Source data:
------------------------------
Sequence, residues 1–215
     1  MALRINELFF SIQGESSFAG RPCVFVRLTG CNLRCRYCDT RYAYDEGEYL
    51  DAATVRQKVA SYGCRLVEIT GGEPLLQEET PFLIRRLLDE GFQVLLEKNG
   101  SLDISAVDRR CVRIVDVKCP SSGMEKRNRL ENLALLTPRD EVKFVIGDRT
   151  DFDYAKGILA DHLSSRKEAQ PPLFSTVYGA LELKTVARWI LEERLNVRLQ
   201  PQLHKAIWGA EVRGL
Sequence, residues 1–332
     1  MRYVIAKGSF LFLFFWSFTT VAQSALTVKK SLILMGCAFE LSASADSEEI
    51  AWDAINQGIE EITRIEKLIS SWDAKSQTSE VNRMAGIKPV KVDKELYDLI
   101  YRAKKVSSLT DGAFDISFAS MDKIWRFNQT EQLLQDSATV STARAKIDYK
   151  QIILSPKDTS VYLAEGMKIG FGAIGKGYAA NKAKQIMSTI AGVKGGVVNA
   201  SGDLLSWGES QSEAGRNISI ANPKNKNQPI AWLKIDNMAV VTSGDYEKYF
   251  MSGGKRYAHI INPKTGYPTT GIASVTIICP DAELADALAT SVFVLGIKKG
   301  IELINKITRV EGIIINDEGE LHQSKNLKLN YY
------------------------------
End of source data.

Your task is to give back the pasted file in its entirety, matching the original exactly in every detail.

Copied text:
Sequence, residues 1–215
     1  MALRINELFF SIQGESSFAG RPCVFVRLTG CNLRCRYCDT RYAYDEGEYL
    51  DAATVRQKVA SYGCRLVEIT GGEPLLQEET PFLIRRLLDE GFQVLLEKNG
   101  SLDISAVDRR CVRIVDVKCP SSGMEKRNRL ENLALLTPRD EVKFVIGDRT
   151  DFDYAKGILA DHLSSRKEAQ PPLFSTVYGA LELKTVARWI LEERLNVRLQ
   201  PQLHKAIWGA EVRGL
Sequence, residues 1–332
     1  MRYVIAKGSF LFLFFWSFTT VAQSALTVKK SLILMGCAFE LSASADSEEI
    51  AWDAINQGIE EITRIEKLIS SWDAKSQTSE VNRMAGIKPV KVDKELYDLI
   101  YRAKKVSSLT DGAFDISFAS MDKIWRFNQT EQLLQDSATV STARAKIDYK
   151  QIILSPKDTS VYLAEGMKIG FGAIGKGYAA NKAKQIMSTI AGVKGGVVNA
   201  SGDLLSWGES QSEAGRNISI ANPKNKNQPI AWLKIDNMAV VTSGDYEKYF
   251  MSGGKRYAHI INPKTGYPTT GIASVTIICP DAELADALAT SVFVLGIKKG
   301  IELINKITRV EGIIINDEGE LHQSKNLKLN YY